The debate Flash vs HTML5

Flash platform has been in existence for the past several years. Since 1996, Flash has a strong base of developers and users. As per the statistics provided by Adobe, Flash had reached 98% penetration in March 2010. In creating highly interactive browser based applications, it had a monopoly.

Apple has been promoting HTML5 as an alternative to Flash for video and other content on the iOS. It has cited performance reasons for not allowing the Flash runtime to be installed on iOS. Flash runtime is not available on the Apple’s iOS devices: iPhone, iPod touch and iPad but it can be compiled as a native iOS application through the Adobe iOS packager in Flash CS5 Professional.

Flash’s “CPU hogging” can also be considered as a contributing factor in Apple’s decision for not supporting the technology on their mobile devices. Flash is considered to be efficient on platforms where it can access hardware acceleration and less efficient where it can’t. But, with the emergence of Flash Player 10.1, Flash has the opportunity of accelerating growth in video playback performance on all platforms that enable hardware acceleration. Since in 10.1 version, CPU utilization has decreased noticeably.

Flash has also the ability to specify measurements in sub-pixel increments, resulting in a more pleasant appearance of Flash web sites. Comparatively, HTML5 is browser dependant and hence inconsistent. Though Mozilla Firefox, Opera, Google Chrome, and Apple Safari implement HTML5 to a large degree, Microsoft’s Internet Explorer does not support HTML5 outside of version 9.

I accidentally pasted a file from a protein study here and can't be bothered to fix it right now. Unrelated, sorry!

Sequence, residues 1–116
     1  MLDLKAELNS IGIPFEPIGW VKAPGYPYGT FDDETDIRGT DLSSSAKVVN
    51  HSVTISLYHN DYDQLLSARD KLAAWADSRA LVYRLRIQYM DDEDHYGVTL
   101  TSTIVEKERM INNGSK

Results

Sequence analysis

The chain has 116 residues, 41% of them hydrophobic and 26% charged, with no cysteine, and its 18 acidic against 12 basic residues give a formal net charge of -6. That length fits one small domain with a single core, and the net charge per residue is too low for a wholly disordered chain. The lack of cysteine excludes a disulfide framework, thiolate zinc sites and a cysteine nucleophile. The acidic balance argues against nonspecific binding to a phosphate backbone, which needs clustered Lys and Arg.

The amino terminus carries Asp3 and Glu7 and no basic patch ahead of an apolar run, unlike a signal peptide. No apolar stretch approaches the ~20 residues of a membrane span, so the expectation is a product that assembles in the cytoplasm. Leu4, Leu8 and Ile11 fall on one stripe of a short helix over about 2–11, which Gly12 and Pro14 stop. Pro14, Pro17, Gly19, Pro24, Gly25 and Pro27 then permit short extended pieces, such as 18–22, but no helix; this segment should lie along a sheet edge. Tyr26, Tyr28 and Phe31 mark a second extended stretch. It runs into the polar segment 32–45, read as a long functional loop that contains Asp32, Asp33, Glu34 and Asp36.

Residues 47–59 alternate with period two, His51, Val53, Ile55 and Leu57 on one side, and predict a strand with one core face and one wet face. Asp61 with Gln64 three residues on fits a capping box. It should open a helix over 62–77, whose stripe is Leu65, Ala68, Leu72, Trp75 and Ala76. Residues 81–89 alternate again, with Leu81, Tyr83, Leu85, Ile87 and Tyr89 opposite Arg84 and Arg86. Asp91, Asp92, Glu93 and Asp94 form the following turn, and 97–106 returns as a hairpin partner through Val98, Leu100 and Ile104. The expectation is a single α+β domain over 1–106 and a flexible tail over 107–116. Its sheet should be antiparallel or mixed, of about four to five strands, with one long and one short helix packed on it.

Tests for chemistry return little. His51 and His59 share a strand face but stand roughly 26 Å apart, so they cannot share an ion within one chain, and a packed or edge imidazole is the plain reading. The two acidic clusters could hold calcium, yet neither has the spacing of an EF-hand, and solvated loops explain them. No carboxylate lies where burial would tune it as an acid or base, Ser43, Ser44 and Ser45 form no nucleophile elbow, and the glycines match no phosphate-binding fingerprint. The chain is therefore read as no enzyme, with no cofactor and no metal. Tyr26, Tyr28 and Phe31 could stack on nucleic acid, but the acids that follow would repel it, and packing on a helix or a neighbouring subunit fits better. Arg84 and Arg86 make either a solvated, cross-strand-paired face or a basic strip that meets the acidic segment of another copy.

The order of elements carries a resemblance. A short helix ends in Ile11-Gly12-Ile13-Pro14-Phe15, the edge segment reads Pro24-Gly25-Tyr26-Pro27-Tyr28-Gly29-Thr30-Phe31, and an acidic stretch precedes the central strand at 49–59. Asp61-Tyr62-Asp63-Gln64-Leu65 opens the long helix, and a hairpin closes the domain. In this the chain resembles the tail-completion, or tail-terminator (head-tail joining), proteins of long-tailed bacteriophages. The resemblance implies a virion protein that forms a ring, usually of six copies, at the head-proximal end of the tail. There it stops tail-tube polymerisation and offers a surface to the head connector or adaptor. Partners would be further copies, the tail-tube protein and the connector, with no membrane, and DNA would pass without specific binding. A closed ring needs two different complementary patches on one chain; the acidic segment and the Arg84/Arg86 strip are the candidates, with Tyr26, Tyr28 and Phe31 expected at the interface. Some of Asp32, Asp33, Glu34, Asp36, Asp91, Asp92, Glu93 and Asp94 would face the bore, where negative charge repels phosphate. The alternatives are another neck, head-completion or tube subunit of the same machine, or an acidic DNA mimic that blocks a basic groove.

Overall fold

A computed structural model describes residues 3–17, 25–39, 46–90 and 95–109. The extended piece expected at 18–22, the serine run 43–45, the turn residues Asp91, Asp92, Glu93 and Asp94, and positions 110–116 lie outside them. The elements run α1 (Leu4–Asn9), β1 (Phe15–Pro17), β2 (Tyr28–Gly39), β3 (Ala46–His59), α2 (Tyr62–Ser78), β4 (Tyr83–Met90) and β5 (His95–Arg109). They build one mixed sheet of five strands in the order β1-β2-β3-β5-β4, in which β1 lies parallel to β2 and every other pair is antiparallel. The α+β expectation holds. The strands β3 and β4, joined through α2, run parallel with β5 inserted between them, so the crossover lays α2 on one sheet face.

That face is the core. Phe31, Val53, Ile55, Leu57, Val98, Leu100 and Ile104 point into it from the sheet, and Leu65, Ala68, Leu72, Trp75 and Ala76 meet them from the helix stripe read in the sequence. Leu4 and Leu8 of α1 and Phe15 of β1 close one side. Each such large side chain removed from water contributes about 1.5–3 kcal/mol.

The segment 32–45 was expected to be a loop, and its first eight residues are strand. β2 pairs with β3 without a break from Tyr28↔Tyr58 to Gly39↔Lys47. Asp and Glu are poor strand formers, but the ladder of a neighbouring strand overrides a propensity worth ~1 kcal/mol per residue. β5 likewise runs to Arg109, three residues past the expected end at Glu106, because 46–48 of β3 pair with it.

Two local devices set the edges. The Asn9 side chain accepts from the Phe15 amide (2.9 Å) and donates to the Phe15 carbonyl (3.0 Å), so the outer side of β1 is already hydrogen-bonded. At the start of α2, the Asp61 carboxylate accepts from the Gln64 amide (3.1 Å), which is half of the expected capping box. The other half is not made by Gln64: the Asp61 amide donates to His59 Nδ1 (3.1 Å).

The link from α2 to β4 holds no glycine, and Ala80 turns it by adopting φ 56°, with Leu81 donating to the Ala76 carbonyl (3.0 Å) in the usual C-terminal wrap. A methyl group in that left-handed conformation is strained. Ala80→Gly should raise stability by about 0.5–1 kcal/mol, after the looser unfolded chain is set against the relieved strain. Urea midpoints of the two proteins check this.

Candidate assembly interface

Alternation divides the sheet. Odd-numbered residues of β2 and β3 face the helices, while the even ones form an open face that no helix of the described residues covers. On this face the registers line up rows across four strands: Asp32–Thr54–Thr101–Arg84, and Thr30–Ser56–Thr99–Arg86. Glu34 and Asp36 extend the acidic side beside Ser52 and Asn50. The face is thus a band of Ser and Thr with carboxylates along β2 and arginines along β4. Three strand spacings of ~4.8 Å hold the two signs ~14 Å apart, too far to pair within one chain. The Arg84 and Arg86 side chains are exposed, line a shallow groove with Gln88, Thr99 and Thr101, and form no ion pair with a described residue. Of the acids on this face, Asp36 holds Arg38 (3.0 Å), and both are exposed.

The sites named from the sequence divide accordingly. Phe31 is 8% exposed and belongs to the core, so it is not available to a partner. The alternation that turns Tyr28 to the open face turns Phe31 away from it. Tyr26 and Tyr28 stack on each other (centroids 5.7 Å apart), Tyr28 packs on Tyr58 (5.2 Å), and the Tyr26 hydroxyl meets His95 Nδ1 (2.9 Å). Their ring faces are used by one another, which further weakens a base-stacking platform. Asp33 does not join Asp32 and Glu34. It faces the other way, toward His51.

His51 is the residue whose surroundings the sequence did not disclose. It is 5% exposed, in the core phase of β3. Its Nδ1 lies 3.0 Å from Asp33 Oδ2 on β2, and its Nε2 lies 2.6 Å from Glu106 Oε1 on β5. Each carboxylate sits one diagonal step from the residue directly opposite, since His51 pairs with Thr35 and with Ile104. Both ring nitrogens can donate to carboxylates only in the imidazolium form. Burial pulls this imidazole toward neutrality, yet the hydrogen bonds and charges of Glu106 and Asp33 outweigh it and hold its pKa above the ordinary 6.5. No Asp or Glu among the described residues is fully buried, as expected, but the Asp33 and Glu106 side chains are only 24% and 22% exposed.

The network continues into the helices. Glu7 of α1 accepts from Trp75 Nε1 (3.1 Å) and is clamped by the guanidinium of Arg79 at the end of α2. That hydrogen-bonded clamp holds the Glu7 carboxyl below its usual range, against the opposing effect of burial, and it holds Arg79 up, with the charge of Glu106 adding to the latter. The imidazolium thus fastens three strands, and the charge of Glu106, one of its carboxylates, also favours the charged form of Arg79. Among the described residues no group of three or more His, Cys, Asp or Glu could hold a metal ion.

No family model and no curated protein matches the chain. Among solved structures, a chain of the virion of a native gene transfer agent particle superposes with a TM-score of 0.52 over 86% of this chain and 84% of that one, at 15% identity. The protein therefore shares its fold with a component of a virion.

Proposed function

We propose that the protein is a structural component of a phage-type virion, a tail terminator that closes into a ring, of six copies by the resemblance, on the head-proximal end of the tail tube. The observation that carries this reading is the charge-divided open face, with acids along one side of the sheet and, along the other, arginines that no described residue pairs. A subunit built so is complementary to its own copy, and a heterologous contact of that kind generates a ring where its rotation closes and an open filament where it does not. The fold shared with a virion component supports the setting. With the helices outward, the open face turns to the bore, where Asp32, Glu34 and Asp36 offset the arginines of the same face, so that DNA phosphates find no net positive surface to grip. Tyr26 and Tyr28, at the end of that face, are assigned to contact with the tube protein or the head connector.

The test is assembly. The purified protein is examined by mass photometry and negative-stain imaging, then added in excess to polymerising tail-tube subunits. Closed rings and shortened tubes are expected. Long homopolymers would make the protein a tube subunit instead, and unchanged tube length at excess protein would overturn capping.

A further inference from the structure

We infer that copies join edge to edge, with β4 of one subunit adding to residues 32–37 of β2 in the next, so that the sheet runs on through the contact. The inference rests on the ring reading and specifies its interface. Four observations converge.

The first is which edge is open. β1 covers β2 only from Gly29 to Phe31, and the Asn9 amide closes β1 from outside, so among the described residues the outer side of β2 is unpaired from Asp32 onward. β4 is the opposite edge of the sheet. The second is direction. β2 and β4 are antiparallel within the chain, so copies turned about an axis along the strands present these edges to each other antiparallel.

Flash offers webcam and DRM support, while HTML and related technologies currently do not yet. There is however “device support” (device API) added to the HTML5 specification, which allows for videoconferencing, access to webcams, microphones, USB-thumbdrives and other USB- or serial devices.

According to Adobe, 85% of the most-visited web sites use Flash, 75% of web video is viewed using the Flash Player, 98% of enterprises rely on the Flash Player, and 70% of web games are made in Flash. In contrast, some video sites, including YouTube, Vimeo and blip.tv, have implemented a degree of experimental support for HTML5 video. Flash is not an open standard. It is controlled by Adobe Systems, but HTML5 is largely controlled by a committee (WHATWG), which is made up of three companies. Apple is one of them.

Another reason for poor performance of Flash is that, some Flash developers code their files wrongly. It can also be a problem with “HTML5″ animations.

HTML5 technology is growing as an alternative standard, but that doesn’t mean that Flash is coming to an end. HTML5 should not be considered a replacement technology for Flash. It is just a competitive platform.